Social Security Bulletin, Vol. 67 No. 3

(released April 2008)
by Hilary Waldron

This article presents an analysis of trends in mortality differentials and life expectancy by socioeconomic status for male Social Security-covered workers aged 60 or older. Mortality differentials, cohort life expectancies, and period life expectancies by average relative earnings are estimated. Period life expectancy estimates for the United States are also compared with those of other Organisation for Economic Co-operation and Development (OECD) countries.

by Kalman Rupp, Alexander Strand, Paul S. Davies, and James Sears

The federal benefit rate (FBR) of the Supplemental Security Income program provides an inflation-indexed income guarantee for aged and disabled people with low assets. Some consider the FBR as an attractive measure of Social Security benefit adequacy. Others propose the FBR as an administratively simple, well-targeted minimum Social Security benefit. However, these claims have not been empirically tested. Using microdata from the Survey of Income and Program Participation, this article finds that the FBR is an imprecise measure of benefit adequacy; it incorrectly identifies as economically vulnerable many who are not poor, and disregards some who are poor. The reason for this is that the FBR-level benefit threshold of adequacy considers the Social Security benefit in isolation and ignores the family consumption unit. The FBR would provide an administratively simple but poorly targeted foundation for a minimum Social Security benefit. The empirical estimates quantify the substantial tradeoffs between administrative simplicity and target effectiveness.

by Anya Olsen and Kevin Whitman

This article provides an overview of the literature on best practices for retirement savings plan design and financial education in the workplace. Without a successful plan design, financial education will not be effective and even a well-structured plan can fail to achieve retirement savings goals without financial education. The main components of a retirement savings program that employers must consider include options for enrollment, investment choices, employer matching of contributions, and distributions over the working career and at retirement. In addition, employers control the core aspects of financial education, such as the topics covered, the delivery methods used, the frequency with which it is offered, and its general availability.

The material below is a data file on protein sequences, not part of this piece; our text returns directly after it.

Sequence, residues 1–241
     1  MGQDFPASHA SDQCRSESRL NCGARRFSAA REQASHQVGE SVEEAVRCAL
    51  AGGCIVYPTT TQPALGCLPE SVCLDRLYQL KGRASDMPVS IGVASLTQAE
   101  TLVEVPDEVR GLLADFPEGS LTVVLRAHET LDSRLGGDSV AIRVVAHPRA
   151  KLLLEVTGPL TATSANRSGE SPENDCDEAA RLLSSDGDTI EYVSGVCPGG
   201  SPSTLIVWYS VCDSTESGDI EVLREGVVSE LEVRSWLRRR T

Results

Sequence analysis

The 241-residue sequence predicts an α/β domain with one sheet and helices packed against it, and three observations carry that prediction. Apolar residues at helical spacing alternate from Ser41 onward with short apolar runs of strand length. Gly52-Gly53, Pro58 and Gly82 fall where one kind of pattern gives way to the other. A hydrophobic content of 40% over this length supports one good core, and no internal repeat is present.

by Clark Burdick and T. Lynn Fisher

Old-Age, Survivors, and Disability Insurance (OASDI, Social Security) benefits are indexed for inflation to protect beneficiaries from the loss of purchasing power implied by inflation. In the absence of such indexing, the purchasing power of Social Security benefits would be eroded as rising prices raised the cost of living. Recently, the Consumer Price Index used to calculate the Cost-of-Living-Adjustment (COLA) for OASDI benefits has come under increased scrutiny. Some argue that the current index does not accurately reflect the inflation experienced by seniors and that COLAs should be larger. Others argue that the measure of inflation underlying the COLA has technical limitations that cause it to overestimate changes in the cost of living and that COLAs should be smaller. This article discusses some of the issues involved with indexing Social Security benefits for inflation and examines the ramifications of potential changes to COLA calculations.

by David Rajnes

This article examines the development of Japanese voluntary employer-sponsored retirement plans with an emphasis on recent trends. Before 2001, companies in Japan offered retirement benefits as lump-sum severance payments and/or benefits from one of two types of defined benefit (DB) pension plans. One DB plan type was based on an earlier occupational pension model used in the United States. The other DB plan type allowed companies to opt out of the earnings-related portion of social security. Landmark laws passed in 2001 introduced a new generation of occupational retirement plans to employers and employees, creating three new DB plan designs and two new defined contribution types of plans. Since that time, the mix of employer-sponsored retirement plans offered in Japan has changed significantly, and overall employee coverage has declined. On balance, employer-sponsored retirement plans have remained largely DB in design.